Not only does he manage to take a complex issue and break it down into mostly easy to follow language, but the he weaves a story that s not really about codes, cyphers, or security, It s about people as all of the best st [ Great book and wonderfully easy to read without being so dumbed down that it is an insult to moderately educated people It read at times like a magazine article a little too much forced drama to put the reader on edge, but quite informative Nice to read about some of the underpinnings of our digital society.
Current encryption is theoretically impossible to breakof course in practice people choose passwords and keys that are easily remembered and thus, easily guessed or they write the password on [ This book is a super interesting history of modern cryptography, starting in the 50 s and 60 s, where crypto was almost entirely controlled by the government, and leading up to the world today, where cryptography is in use on just about every computer in the world It was recommended to me by a professor who saw part of this story take place at Berkeley Most interesting thing about this book is the insight it gives in to the NSA My big lesson is that the behavior we re seeing in the NSA today lar [ I found this book in a Little Free Library and loved it This was a quick easy read that made the memorable personalities behind crypto accessible It also explains the technology well.
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David Kahn. Review "Gripping and illuminating. He lives in New York City with his wife and son. Start reading Crypto on your Kindle in under a minute. Audible Holiday Deal. Get this deal. About the author Follow authors to get new release updates, plus improved recommendations. Brief content visible, double tap to read full content. Full content visible, double tap to read brief content.
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There was a problem filtering reviews right now. Please try again later. Verified Purchase. I bought this book based on the recommendation of the professor who teaches my cyber security class, and since it is out of print, I took a chance and got a used one.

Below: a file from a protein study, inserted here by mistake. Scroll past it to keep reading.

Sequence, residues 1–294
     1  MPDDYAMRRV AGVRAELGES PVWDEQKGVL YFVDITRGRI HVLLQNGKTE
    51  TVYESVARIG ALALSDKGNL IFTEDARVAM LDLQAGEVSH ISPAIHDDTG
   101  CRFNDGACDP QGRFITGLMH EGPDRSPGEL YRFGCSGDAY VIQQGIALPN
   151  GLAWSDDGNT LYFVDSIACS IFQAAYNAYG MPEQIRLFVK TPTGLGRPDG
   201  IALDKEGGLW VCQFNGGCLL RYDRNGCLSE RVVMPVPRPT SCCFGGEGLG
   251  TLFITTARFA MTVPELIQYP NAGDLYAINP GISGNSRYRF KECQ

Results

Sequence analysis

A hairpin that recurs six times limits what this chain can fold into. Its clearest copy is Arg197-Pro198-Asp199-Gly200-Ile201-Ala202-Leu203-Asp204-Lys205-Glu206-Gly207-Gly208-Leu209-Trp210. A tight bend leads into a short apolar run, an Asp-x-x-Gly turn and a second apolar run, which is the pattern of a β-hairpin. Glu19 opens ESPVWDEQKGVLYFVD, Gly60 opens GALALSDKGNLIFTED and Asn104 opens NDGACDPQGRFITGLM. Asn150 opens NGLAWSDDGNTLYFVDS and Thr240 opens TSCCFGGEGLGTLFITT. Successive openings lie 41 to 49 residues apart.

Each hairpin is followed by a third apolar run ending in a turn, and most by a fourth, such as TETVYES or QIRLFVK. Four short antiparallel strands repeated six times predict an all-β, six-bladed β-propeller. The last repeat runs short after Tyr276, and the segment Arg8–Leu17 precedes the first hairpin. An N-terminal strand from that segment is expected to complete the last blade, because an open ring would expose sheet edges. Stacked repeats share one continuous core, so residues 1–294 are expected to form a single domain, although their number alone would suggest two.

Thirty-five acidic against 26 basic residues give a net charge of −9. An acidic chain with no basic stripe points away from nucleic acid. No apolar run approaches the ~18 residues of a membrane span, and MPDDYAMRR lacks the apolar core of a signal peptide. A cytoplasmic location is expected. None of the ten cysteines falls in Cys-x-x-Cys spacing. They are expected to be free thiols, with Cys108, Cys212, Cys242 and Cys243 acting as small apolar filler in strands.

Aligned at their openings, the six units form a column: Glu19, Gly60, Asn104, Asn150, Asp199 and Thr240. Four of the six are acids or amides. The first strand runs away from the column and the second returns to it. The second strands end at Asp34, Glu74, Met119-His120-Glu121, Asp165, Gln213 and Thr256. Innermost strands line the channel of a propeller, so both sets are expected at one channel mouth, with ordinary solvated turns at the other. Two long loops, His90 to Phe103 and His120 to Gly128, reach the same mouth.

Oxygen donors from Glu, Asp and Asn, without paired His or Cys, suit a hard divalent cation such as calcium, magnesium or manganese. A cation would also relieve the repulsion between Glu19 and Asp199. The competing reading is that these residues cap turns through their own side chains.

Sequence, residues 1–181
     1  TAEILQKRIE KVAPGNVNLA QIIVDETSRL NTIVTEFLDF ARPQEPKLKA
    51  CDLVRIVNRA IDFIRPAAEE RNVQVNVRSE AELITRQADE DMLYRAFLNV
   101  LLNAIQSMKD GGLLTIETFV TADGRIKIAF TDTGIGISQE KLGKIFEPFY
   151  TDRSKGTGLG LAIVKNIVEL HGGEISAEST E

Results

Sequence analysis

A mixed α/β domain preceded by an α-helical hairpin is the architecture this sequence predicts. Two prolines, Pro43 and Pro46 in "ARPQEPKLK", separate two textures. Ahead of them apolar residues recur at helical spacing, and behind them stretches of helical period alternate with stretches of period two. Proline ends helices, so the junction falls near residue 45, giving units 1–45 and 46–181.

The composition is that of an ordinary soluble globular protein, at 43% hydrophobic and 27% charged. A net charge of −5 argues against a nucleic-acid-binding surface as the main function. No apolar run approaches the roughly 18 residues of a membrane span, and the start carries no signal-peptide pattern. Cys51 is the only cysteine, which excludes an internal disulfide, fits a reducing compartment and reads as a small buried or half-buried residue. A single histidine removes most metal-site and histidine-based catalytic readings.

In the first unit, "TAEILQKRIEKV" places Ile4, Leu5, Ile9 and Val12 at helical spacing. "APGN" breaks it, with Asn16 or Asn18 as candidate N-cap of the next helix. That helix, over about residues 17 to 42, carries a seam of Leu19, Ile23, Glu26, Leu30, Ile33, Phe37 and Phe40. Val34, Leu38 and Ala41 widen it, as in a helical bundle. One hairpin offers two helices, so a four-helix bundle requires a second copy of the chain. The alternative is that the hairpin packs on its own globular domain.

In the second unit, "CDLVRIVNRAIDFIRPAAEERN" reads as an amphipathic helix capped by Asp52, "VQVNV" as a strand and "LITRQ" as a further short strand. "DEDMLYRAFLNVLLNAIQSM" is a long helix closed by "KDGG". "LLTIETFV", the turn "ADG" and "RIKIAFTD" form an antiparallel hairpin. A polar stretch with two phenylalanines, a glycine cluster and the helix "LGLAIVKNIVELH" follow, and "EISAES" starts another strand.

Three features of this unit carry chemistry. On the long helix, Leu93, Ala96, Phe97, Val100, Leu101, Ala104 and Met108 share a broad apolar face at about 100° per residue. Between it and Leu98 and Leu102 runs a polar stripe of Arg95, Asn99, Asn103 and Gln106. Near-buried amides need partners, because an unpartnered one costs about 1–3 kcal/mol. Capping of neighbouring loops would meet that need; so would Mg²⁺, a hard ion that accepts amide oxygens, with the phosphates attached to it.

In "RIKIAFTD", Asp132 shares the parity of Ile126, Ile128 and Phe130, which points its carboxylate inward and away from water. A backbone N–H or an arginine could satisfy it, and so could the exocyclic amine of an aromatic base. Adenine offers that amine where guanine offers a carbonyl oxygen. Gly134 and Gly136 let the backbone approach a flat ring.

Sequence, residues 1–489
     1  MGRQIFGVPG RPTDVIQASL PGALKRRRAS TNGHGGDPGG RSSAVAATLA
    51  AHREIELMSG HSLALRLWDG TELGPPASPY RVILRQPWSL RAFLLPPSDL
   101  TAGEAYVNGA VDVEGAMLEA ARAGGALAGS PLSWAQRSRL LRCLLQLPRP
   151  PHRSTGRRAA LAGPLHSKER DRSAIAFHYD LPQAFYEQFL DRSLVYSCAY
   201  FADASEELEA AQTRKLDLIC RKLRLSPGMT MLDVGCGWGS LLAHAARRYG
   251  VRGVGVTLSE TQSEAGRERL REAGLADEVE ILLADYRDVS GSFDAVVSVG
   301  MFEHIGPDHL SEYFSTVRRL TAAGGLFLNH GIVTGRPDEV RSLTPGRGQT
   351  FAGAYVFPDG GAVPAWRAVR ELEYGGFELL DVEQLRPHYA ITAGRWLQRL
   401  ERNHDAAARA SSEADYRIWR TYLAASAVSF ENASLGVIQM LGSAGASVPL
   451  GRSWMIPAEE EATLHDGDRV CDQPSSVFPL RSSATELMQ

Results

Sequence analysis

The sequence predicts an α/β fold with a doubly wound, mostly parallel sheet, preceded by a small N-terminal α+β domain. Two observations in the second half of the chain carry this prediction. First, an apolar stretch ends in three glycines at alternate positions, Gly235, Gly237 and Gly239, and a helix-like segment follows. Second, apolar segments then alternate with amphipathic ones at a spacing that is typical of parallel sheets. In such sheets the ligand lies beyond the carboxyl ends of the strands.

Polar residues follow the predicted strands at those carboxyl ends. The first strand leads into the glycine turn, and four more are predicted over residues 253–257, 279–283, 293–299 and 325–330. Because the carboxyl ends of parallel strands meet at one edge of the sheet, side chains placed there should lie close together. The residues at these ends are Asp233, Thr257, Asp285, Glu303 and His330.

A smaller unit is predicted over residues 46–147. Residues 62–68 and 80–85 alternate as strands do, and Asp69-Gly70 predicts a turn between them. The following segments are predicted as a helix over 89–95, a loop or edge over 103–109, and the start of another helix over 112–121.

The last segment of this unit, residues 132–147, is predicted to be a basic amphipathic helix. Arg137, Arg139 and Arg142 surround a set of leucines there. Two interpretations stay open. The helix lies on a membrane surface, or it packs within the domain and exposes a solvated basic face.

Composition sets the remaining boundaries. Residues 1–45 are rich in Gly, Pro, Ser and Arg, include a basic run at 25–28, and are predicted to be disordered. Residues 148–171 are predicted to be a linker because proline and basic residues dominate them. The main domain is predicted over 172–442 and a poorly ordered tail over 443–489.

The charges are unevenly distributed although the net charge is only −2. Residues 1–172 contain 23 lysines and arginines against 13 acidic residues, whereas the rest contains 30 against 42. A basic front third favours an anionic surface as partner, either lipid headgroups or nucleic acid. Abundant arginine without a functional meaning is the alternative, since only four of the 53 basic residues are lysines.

The condition of the book is far better than I anticipated and the seller shipped it super fast. As for the content, it is interesting and engaging and Mr. Levy has done a great job at conveying the history and importance of cryptography and how it relates to cyber security on a level that is neither overly technical nor dumbed down. While the book was originally published nearly two decades ago, the information is still relevant today. Knowledge is power, and it is our best defense against those who seek to hurt us.
This book will help you find your ammunition. This story about the development of computer cryptography is both fascinating and important. The book is very well-written, and very easy to read. Its importance lies in the fact that it explains the machinations of government agencies to prevent the masses from using strong cryptography, and how the good guys in the software industry were able to overcome the obstacles. So, if you need a good read, go ahead and grab a copy.
This easy-to-ready short history by writer Steven Levy, who has written numerous articles for Wired, is a very well-researched volume on the human side of public-key cryptography. Clearly, this is an authoritative account of the short year history of public key. The main theme of the book is how the NSA tried to stifle new developments by the researchers, placing secrecy orders and classifying their patents and papers. Five stars, for what it is; sure, Levy writes with magazine-style prose, but this fits the high-level view he takes on the subject.
The lengths that the NSA went to in order to quash attempts at building solid encryption are astounding. This book reads like a spy novel The book was in perfect condition and arrived quickly.
From Stephen Levy the author who made hackers a household word comes this account of Levy Steven. Файл формата pdf; размером 3,90 МБ. Hackers: Heroes of the Computer Revolution - 25th Anniversary Edition · O'Reilly Media · Steven Levy. Год: Язык: english. Файл: PDF, 13,07 MB. Steven Levy gives a fascinating account of the birth of public key cryptography in Crypto, John Naughton, The Guardian, February 3,